My current research agenda is centered on analyzing public policies affecting maternal and child health outcomes, household resources, and food insecurity. My other recent research interest is analyzing consolidation and location decisions in the hospital industry, and the effects of such decisions on the quality of health care.
“The Effect of Free School Meals on Household Food Purchases: Evidence from the Community Eligibility Provision” with Michelle M. Marcus. Journal of Health Economics, vol. 84, July 2022. [Ungated Version] [Online Appendix] [NBER WP 29395]
We find evidence that exposure to universal free school meals through the Community Eligibility Provision (CEP) had a meaningful impact on grocery spending for households with children, with monthly food purchases declining by about $11, or 5 percent. For households in zip codes with higher exposure, the decline is as high as $39 per month, or 19 percent. We also show evidence that the composition of food purchases changes, with low income households experiencing an increase in the dietary quality of their food purchases by about 3 percent after CEP. Finally, we show CEP exposure is associated with an 11 percent decline in the percent of households that ran short of money or tried to make their food money go further, and an almost 5 percent decline in households classified as food insecure. Our results on the heterogeneous effects of CEP exposure by prior free/reduced price lunch eligibility reveal large benefits in terms of both spending, dietary composition, and food insecurity for previously eligible low-income families, suggesting that the stigma of free school meals may be declining after universal access.
(Presented at APPAM, November 2020; Accepted for presentation at ASHEcon, June 2020; Presented poster at ASHEcon, June 2019)
“Referee Bias and Stoppage Time in Major League Soccer: A Partially Adaptive Approach” with Steven B. Caudill and Franklin G. Mixon Jr., Econometrics, vol. 2(1), February 2014.
“The Effect of Hospital Postpartum Care Regulations on Breastfeeding and Maternal Time Allocation” with Emily C. Lawler. Resubmitted to American Economic Journal: Applied Economics.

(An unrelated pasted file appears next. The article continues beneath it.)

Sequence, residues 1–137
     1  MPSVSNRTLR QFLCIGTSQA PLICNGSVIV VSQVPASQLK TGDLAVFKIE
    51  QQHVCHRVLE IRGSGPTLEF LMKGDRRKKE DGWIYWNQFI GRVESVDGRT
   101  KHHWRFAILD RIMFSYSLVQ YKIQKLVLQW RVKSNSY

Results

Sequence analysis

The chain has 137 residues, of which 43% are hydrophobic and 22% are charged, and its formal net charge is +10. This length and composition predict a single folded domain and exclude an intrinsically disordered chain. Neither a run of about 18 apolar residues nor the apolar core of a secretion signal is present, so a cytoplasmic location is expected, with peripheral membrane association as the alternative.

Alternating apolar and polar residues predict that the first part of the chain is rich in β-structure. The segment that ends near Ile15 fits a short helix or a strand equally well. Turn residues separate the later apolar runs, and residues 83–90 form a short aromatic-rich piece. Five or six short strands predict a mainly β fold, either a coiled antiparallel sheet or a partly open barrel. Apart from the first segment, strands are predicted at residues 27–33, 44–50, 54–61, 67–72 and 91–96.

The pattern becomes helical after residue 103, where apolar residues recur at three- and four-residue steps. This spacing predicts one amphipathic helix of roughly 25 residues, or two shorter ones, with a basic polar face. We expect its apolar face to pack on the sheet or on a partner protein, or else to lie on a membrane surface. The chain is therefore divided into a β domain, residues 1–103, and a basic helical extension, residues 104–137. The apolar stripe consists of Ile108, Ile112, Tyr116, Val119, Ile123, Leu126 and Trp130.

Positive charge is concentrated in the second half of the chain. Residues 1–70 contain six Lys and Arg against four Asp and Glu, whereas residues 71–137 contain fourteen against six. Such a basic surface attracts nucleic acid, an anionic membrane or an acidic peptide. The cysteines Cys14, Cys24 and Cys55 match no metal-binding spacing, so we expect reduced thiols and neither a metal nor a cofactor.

We study the effects of state adoption of hospital regulations intended to increase breastfeeding by requiring certain care standards for new mothers and their babies during their postpartum hospital stay. Using data from the National Immunization Survey-Child, 2003-2017, we find that these regulations significantly increased breastfeeding initiation by 4.3 percentage points (5.6 percent) and the probability of breastfeeding at 3 and 6 months postpartum by approximately 8 percent. We further show using data from the American Time Use Survey and Current Population Survey that following policy adoption, mothers significantly increased their time spent on primary childcare and reduced their time spent on formal work.
(Accepted for presentation at ASHEcon, June 2020, June 2021, SEA November 2021)
Food insecurity is associated with several adverse health outcomes, including anemia, asthma, depression, and diabetes. With over 14 million households facing food insecurity every year, these health issues are of policy importance. This paper leverages the roll out of a novel program that provides universal free school meals for school-aged children to study the impact of increased access to food on teen health behaviors and outcomes. I use data from the CDC’s Youth Risk Behavior Surveillance System (YRBSS) for 2001-2017 to examine teen access to food, asthma, sleep, and mental health. I supplement this with the National immunization Survey of Teens (NIS-Teen) for 2008-2017 which has information on teen doctor visits, and the American Time Use Survey (ATUS) for 2003-2018 which has information on how much time respondents spend on food-related activities. Using a difference-in-differences design and event studies that leverage plausibly exogenous variation in program availability, I find that high school students go to the doctor less, have fewer incidences of asthma, are more likely to get 8 or more hours of sleep, and report improved mental health following the increased access to meals at school. I also show additional evidence that the incidence of teens going hungry because of a lack of food in the household decreases after universal free school meals become more available, and that households with school-aged children report spending more time eating and drinking.